No one seems to know exactly when the Federal Reserve will raise interest rates. It could happen next week, maybe later this year or perhaps the central bank has, as some believe, missed its rate-hiking window altogether.
If the Fed does proceed with boosting interest rates, it makes sense for investors to be prepared. That task is made easier at the sector with exchange traded funds because, as has been widely documented, some sectors perform better than others against the backdrop of rising rates.
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In a note out Friday, Bank of America Merrill Lynch examined the sectors that perform well after Fed liftoff, those that disappointed and those that were somewhere in the middle. Bank of America used the prior six tightening cycles beginning March 1983, January 1987, March 1988, February 1994, June 1999 and June 2004.
Below is a look at which sectors performed best and worst going out one to 12 months following a Fed tightening cycle liftoff.
Remembering that 1999 was the first full trading year for the nine sector SPDR ETFs (the funds debuted in late 1998), the examination yields some familiar trading ideas for how investors can profitably cope with rising rates.
Investors might be surprised to learn that the Energy Select Sector SPDR (ETF) (NYSE:XLE) is a standout performer after interest rates rise.
Energy was the top performing sector on average one month, three months and 12 months after the liftoff of a Fed tightening cycle and the second best performing sector six and nine months after liftoff, according to the report.
Down almost 21 percent year-to-date, XLE is by far the worst performer among the nine sector SPDRs, but investors have added $1.62 billion to the largest energy ETF, good for the second-best inflows tally among the nine SPDRs. During the Fed's 2004 through 2006 tightening cycle, XLE climbed nearly 122 percent while the S&P 500 gained just 34.5 percent during that period.
Energy did the best one to 12 months into a Fed tightening cycle and was ranked one or two during the 12 months after Fed liftoff, based on average cumulative price returns over these periods.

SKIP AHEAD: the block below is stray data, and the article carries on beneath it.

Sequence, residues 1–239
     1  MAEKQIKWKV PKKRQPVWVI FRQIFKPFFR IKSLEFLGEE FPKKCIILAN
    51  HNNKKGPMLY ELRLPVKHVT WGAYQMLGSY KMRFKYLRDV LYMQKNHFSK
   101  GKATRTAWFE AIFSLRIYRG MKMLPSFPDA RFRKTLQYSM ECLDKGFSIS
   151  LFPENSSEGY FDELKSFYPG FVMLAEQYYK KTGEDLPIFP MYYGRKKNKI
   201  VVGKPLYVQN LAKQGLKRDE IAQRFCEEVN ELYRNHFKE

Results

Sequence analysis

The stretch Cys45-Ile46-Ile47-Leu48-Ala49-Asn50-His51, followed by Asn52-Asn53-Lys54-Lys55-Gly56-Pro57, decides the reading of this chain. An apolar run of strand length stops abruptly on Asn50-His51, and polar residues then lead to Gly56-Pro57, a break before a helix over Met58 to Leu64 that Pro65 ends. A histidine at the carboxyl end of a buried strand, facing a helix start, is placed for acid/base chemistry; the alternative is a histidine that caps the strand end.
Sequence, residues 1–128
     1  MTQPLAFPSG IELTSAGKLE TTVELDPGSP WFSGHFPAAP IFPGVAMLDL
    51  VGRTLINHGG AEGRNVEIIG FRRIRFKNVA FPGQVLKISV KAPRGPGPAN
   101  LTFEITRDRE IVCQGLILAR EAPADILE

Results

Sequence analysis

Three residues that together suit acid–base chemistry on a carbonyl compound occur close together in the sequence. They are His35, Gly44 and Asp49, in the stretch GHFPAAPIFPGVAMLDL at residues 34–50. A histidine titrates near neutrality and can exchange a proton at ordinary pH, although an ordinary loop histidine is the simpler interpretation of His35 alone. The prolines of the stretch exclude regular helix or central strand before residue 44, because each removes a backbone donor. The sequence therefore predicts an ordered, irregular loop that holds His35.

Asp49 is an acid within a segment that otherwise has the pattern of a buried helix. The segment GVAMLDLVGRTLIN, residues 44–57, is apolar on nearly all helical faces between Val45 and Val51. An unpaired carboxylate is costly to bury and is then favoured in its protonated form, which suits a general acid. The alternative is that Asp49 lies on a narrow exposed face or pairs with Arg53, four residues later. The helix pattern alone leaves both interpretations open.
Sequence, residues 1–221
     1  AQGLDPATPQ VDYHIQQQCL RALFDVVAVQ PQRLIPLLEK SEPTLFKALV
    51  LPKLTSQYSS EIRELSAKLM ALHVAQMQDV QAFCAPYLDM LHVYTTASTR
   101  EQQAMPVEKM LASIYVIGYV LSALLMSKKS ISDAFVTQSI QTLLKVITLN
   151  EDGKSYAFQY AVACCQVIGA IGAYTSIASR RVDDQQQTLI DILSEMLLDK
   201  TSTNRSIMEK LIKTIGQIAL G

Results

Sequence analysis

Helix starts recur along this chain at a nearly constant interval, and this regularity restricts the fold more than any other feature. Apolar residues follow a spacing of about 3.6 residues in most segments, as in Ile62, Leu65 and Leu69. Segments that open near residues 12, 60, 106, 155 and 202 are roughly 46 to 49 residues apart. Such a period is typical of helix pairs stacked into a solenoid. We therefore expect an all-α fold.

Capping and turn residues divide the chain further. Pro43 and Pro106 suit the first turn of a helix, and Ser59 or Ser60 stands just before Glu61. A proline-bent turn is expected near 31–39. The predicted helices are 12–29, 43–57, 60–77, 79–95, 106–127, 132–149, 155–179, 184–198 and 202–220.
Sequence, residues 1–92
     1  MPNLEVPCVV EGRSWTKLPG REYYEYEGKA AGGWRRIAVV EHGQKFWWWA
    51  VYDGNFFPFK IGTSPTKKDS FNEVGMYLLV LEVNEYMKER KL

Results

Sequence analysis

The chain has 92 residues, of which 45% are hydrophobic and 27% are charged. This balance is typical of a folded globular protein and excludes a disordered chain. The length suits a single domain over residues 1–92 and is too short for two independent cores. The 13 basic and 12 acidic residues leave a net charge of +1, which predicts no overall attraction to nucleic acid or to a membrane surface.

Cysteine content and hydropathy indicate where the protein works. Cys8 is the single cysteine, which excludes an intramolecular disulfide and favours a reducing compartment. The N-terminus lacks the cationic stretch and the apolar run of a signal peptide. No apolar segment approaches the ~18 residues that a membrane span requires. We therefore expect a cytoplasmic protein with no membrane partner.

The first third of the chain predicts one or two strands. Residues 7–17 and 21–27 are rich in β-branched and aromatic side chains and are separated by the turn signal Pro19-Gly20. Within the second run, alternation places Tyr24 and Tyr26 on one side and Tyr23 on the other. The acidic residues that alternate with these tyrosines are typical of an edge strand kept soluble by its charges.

The average rank for Energy over the 12 months was 1.3. Technology closely followed with an average monthly rank of 1.7 and was either the best or second best performing sector during the 12 months following Fed liftoff, according to the report.
Like energy, technology is a cyclical sector, so the latter's durability against a backdrop of rising rates is not surprising because higher rates should signal the Fed's confidence in the sturdiness of the U.S. economy. Plus, the stockpiles of cash held by large U.S. tech firms are an advantage when rates rise.
Technology companies hold a staggering 40 percent of the total corporate cash reserves in the United States [...] so theyre much less vulnerable to rising rates than debt-laden firms, such as utilities.
Their strong cash positions mean they have the potential to continue on with their shareholder-friendly policies, such as share buybacks, dividend increases and M&A activity, according to a recent iShares note.
However, the Technology SPDR (ETF) (NYSE:XLK) lagged the S&P 500 during the last Fed tightening cycle, but XLK has historical data on its side. For months one through 12 after a Fed rate hike, technology is no worse than the second-best sector after energy, according to the data.
XLK In Focus
Remembering that cash is king when rates rise shines a light on XLK, because the ETF allocates a combined 25.4 percent of its weight to Apple Inc. (NASDAQ:AAPL) and Microsoft Corporation (NASDAQ:MSFT). Those companies have roughly $300 billion in cash combined.
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